The phenomenological details of delusional mood, as elaborated by Conrad, have been central in identifying its neurobiological underpinnings.10 Kapur22 advanced the idea that dopamine mediates the “salience” of environmental events and their mental representations. Specifically, a dysregulated, hyperdopaminergic state on the neural level leads to an aberrant assignment of salience (or importance) to aspects of one’s experiences on the cognitive-mental level. One view of delusions is that they result from the cognitive effort made by the patient to make sense of these aberrantly salient experiences. Experimental pharmacologically induced psychoses (using the drug ketamine) model the link between inappropriately heightened perception, aberrant causal inference, and delusional ideation,23 and a similar association has been reported in actively psychotic schizophrenia patients.24,25 Antipsychotic medications dampen the hyperdopaminergic underpinning of aberrant salience and “provide a platform for the resolution of psychotic symptoms.”22 However, if treatment is interrupted for a long enough time, the aberrant neurochemistry rekindles and delusional mood and cognition returns in the form of a psychotic “relapse.”22,26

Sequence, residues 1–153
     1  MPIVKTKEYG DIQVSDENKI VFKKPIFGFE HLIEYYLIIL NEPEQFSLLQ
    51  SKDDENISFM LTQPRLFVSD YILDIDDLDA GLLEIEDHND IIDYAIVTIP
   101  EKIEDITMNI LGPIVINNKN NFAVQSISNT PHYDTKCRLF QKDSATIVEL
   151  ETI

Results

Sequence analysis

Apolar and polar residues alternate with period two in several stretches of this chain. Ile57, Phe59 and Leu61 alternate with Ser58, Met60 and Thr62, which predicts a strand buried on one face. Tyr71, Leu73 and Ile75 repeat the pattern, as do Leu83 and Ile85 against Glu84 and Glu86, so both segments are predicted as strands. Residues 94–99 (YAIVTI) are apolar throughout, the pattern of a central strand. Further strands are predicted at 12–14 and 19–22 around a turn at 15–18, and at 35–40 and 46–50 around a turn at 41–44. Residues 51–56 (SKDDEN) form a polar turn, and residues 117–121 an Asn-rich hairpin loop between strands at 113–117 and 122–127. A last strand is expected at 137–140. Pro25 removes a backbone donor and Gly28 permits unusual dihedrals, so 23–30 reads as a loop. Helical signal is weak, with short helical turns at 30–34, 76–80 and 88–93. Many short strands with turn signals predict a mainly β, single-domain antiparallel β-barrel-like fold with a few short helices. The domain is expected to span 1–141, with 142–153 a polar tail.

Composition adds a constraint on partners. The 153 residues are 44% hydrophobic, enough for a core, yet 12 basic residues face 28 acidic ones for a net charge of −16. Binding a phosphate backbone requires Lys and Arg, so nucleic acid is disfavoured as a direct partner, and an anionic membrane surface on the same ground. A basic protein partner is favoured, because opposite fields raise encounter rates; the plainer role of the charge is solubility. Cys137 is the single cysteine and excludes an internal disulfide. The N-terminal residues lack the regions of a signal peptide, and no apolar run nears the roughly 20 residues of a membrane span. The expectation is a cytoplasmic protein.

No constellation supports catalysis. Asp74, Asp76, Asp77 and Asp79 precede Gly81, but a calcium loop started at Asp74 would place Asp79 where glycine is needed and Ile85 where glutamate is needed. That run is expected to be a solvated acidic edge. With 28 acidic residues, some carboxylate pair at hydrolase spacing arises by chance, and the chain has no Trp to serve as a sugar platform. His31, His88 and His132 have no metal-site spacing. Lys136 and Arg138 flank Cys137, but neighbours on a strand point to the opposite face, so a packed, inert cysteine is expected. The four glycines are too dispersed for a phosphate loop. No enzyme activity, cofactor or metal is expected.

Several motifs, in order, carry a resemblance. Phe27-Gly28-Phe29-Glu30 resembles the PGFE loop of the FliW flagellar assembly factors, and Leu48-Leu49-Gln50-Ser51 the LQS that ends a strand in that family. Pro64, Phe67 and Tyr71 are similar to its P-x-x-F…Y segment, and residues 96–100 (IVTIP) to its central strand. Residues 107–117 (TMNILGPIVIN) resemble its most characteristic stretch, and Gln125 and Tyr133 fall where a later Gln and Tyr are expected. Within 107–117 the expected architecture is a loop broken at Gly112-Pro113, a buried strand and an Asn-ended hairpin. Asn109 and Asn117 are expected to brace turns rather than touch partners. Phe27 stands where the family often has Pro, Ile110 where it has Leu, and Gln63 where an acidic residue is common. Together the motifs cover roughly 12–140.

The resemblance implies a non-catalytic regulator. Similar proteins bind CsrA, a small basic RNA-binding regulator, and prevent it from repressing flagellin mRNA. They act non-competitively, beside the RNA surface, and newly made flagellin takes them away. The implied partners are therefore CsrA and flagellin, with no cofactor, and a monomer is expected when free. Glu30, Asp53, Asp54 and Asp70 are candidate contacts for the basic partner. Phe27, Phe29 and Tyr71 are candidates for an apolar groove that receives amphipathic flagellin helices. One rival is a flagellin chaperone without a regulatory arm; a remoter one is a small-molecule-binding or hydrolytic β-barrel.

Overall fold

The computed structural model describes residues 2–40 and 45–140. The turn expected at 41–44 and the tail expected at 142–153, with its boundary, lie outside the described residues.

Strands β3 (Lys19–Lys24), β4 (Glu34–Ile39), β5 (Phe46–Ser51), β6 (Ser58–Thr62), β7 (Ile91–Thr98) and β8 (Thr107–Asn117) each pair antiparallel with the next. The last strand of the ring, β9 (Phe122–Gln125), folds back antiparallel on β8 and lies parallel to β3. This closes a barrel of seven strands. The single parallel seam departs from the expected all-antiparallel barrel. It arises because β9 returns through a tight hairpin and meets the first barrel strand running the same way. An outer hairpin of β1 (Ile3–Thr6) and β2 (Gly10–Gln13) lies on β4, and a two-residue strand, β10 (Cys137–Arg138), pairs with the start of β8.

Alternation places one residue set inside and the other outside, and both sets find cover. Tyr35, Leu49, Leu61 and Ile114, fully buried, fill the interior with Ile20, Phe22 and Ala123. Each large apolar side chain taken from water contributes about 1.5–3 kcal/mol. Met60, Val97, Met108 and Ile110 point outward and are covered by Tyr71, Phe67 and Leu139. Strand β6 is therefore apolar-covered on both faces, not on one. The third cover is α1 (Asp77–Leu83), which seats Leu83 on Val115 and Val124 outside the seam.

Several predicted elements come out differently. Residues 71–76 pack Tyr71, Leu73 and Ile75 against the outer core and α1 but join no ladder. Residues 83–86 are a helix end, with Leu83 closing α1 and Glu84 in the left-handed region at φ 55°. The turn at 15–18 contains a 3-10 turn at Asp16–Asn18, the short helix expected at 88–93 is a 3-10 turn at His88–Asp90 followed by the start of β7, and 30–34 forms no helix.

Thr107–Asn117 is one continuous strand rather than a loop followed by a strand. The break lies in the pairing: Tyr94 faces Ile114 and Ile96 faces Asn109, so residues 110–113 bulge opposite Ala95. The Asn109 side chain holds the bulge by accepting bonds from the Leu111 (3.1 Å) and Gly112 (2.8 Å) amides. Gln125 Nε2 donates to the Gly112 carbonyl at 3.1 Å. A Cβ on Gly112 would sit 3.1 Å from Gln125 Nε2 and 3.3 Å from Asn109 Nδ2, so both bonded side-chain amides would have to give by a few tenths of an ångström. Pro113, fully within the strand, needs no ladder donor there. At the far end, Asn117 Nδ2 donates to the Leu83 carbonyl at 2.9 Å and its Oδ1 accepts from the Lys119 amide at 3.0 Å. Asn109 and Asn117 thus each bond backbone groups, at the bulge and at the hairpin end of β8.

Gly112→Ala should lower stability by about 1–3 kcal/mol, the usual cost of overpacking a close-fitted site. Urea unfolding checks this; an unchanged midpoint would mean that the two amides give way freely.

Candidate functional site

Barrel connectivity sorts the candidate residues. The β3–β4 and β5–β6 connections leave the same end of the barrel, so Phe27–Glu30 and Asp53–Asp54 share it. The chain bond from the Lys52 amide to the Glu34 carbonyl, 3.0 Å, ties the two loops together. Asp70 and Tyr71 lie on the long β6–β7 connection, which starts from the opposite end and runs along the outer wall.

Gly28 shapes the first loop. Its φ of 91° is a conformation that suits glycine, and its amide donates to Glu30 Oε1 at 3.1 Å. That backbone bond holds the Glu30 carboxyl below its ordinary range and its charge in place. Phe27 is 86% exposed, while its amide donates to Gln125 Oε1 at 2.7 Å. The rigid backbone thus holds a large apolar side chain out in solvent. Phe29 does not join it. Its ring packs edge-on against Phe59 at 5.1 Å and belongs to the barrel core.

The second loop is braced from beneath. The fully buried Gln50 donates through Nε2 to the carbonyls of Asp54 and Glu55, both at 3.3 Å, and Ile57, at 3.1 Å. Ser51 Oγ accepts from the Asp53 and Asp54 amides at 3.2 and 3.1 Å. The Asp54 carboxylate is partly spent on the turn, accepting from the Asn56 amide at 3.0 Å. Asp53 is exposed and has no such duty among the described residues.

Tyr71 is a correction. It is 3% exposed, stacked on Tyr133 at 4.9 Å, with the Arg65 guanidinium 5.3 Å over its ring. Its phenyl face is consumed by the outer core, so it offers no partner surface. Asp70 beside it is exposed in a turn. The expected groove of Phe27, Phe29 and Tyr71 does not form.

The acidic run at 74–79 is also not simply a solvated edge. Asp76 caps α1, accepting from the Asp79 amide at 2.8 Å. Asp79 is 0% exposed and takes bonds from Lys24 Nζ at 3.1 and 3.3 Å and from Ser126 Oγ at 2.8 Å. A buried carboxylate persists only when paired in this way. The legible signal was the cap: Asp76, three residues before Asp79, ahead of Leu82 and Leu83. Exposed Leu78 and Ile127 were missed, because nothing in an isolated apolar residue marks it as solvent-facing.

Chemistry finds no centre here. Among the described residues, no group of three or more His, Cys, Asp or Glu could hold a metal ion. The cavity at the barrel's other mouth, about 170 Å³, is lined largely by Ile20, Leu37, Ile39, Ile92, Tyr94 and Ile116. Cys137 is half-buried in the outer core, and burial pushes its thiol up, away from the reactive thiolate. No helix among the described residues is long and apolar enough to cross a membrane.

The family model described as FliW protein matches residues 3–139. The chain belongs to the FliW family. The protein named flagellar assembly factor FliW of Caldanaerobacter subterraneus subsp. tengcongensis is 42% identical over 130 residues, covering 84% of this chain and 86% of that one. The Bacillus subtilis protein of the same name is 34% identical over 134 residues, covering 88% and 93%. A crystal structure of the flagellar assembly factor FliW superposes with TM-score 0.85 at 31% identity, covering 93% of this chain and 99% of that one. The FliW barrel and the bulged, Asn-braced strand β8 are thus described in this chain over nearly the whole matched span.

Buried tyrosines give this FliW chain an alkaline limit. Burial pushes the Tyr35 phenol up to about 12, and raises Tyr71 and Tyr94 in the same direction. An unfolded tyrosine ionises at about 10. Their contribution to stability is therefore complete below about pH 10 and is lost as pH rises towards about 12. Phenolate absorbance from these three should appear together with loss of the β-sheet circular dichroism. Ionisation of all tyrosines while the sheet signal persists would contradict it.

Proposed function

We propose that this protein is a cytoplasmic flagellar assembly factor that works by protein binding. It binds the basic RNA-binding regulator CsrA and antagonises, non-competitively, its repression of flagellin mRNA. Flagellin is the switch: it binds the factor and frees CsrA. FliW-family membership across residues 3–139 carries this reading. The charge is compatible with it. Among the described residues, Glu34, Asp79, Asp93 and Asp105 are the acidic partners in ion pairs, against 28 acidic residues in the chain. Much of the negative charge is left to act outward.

Due to its complexity and originality, Conrad’s work presents us with conceptual and linguistic challenges. Conrad felt that classical psychology and psychopathology did not possess the “vocabulary” to describe the phenomenology of patient’s experience of beginning schizophrenia.7,11 Although his concepts are difficult, he tried not to hide in the obscurity of esoteric language. He did introduce new terms, albeit apologetically, because he felt that earlier work had not been adequate in conveying the patient’s experience. Because his work is easily misunderstood, it is sometimes cited to support concepts and viewpoints that are, at best, only remotely related to the original work (for reviews of the debate concerning the interpretation of Conrad, see references18,27–29). A large (n = 267) retrospective study2 of Conrad’s stage model, including both men and women with a greater age span than Conrad’s more homogenous male military sample, found support especially for his first stage, delusional mood (Trema), and to some extent, for the next stage, apophanic psychosis. Conrad’s work remains timely for current researchers and clinicians due to his thoroughgoing commitment to respectful, collaborative study with patients concerning their subjective experiences of prodromal and beginning schizophrenia and to adhering as closely as possible to what patients endeavored to convey about their own experiences.
NARSAD young investigator's award to A.L.M.